This indicates that rope from Dechaine’s truck was probably used to bind the victim. The knots binding the victim, however, differed from any knots detectives took and preserved from Dechaine’s barn, pens and other places. No sign that victim was ever in Dechaine’s truck. Blood under Sarah Cherry’s nails not Dechaine’s. Not incriminating to Dechaine.
Dechaine stated to officers on Friday, 7/8/88, after the body was found, “I can't believe I could do such a thing . . . it must have been somebody else inside of me . . . I can't believe I could do that.” (Hendsbee, transcript pages 793-826)
Extensive professional research shows that such statements, even false confessions, are consistent with the behavior of suspects with personalities similar to Dechaine’s, when their memories are clouded by the use of alcohol or drugs, and when confronted by confident officers with apparently incriminating evidence.
In an extremely emotional scene, Dechaine allegedly made the following statements to Detective Westrum: “Oh my God, it should never have happened . . . Why did I do this? . . . I went home and told my wife that I did something bad and she just laughed at me . . . I told her I wouldn't kill myself; besides, that's the easy way out . . . [P]lease believe me, something inside must have made me do that . . . Why would I do this? . . . I didn't think it actually happened until I saw her face on the news; then it all came back to me. I remembered it . . . Why did I kill her? . . . What punishment could they ever give me that would equal what I've done? . . . I feel so bad for her. My God, how must her mother and father feel? It was something inside that must have made me do that . . . How can I live with myself again? . . . I wish I had never gone on that road that day. Why couldn't my truck have broken down instead? . . . I don't think my wife believes me. . . Why did I let this happen? (Westrum transcript pages 826-842)
Detective Westrum’s original notes of Dechaine’s alleged ramblings, contain the phrase, “How could I kill her?” His notes also show clearly that Westrum went back later, crossed out “How could” and wrote over them, “Why did” – thus changing Dechaine’s alleged statement from “How could I kill her?” to “Why did I kill her?” Those notes were withheld from the defense and concealed until the legislature opened the file in 2003. Click on “Pages” to see copy of notes: Page 1, Page 2, and Page 3 (with the critical changeover).
Westrum’s notes also said that Dennis said that he told his wife that something bad had happened, although he testified that Dennis said that he told his wife that he did something bad. P. 392 HS2
In addition, Dechaine’s wife testified that, upon seeing the victim’s picture on the TV news, he said, “I’ve never seen that girl in my life.”
During the time when Westrum claims that Dechaine made these statements, experienced detectives in an adjoining room with a tape recorder were never summoned to witness the monologue. Westrum, himself, had been a detective for two days.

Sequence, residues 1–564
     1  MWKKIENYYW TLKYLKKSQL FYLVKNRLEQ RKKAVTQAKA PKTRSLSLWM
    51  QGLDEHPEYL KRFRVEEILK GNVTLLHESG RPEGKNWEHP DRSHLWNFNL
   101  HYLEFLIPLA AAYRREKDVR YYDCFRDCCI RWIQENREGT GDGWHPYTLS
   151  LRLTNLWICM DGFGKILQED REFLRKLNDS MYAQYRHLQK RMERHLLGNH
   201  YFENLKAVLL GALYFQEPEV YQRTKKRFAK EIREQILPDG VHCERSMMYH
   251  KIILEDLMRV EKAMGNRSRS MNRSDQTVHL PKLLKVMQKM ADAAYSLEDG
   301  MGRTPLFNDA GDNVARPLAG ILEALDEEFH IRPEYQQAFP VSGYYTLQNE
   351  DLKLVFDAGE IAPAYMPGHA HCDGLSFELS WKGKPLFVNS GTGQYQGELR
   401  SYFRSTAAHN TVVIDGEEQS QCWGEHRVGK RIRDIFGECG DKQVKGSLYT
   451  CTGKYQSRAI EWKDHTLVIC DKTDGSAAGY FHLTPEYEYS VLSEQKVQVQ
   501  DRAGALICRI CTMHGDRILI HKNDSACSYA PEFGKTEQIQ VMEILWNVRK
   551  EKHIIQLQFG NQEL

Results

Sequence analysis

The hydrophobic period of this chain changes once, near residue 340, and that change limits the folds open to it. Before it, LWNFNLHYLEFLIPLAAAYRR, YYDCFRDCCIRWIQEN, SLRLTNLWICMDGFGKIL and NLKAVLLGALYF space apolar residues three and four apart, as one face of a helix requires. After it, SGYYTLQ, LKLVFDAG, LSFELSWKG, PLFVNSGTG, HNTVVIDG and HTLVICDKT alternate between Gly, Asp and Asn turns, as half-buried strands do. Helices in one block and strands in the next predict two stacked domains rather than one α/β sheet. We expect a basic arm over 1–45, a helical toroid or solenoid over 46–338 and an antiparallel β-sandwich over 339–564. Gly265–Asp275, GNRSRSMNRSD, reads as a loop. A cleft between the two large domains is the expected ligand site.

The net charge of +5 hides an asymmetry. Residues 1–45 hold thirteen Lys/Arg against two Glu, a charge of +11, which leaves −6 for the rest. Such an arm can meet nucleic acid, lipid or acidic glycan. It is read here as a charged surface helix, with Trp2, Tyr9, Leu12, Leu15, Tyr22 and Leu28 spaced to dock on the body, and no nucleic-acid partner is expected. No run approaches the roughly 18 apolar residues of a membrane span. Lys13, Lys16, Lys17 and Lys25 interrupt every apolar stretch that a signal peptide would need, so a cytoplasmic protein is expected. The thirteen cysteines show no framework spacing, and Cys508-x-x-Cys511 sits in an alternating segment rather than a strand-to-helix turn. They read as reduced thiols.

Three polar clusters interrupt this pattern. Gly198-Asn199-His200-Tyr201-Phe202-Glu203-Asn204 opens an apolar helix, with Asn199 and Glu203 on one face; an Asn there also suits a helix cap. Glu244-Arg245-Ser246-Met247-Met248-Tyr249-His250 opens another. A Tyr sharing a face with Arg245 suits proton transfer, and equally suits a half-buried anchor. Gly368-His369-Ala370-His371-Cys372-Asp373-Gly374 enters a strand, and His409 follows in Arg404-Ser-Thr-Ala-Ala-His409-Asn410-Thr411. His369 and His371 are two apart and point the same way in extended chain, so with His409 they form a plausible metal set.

In any event, the alleged admissions contain no detail of the crime, nor of the victim. It may, or may not be significant that, at this point, Detective Westrum did not know details of the crime which he could have incorporated into the so-called confession.
Dechaine stated to jail guards, “You people need to know that I'm the one who murdered that girl, and may want to put me in isolation.” ( Maxcy, transcript pages 850-868; Dermody, transcript pages 869-873.)
Dechaine states that what he said was, “I’m the man accused of murdering that girl.” In addition, the term “in isolation,” is rarely if ever heard from civilians, most of whom refer to such accommodations as “solitary.”
During this entire trial, despite the evidence linking items from Dechaine’s truck to the crime, no witness testified to any link between Dechaine and Sarah Cherry. No evidence linked Dechaine, himself, to the crime or to Sarah Cherry.
The following items of evidence which do not link Dechaine to the crime (but could have incriminated someone else) were among many items destroyed by the State: the rape kit, a hair found on the victim’s arm, a hair found on the rope binding victim’s wrists, mystery fingerprints on the door of the house from which the victim was abducted – fingerprints which do not match Dechaine, Sarah Cherry, or the residents of that house.
The State successfully prevented DNA testing of the Type A blood under the victim’s nails. Dechaine’s blood is Type O.
DNA tests performed after the trial by the CBR Laboratories in Boston found the DNA of Sarah Cherry and another person who is not Dennis Dechaine.
These results were subsequently confirmed with respect to the integrity and ability of the CBR Lab’s chemist and his procedures, by a former FBI expert on DNA who was working for the State. That expert’s report was concealed until the Attorney General’s file was opened by an Order of the state legislature.
The jury’s Guilty verdict is a tribute to prosecutor Eric Wright’s clever concealment of vital evidence, his manipulation and presentation of a string of circumstances, all augmented by a generous helping of imagination required to fill in the blanks between facts. Wright’s trickery fooled the jurors and many others.